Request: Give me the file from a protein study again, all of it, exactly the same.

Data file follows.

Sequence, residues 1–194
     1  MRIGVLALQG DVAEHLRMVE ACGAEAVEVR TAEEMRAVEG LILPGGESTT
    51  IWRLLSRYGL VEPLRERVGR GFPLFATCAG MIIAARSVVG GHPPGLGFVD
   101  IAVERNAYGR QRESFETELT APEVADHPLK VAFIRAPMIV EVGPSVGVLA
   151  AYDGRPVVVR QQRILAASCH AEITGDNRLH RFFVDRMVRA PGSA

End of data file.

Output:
Sequence, residues 1–194
     1  MRIGVLALQG DVAEHLRMVE ACGAEAVEVR TAEEMRAVEG LILPGGESTT
    51  IWRLLSRYGL VEPLRERVGR GFPLFATCAG MIIAARSVVG GHPPGLGFVD
   101  IAVERNAYGR QRESFETELT APEVADHPLK VAFIRAPMIV EVGPSVGVLA
   151  AYDGRPVVVR QQRILAASCH AEITGDNRLH RFFVDRMVRA PGSA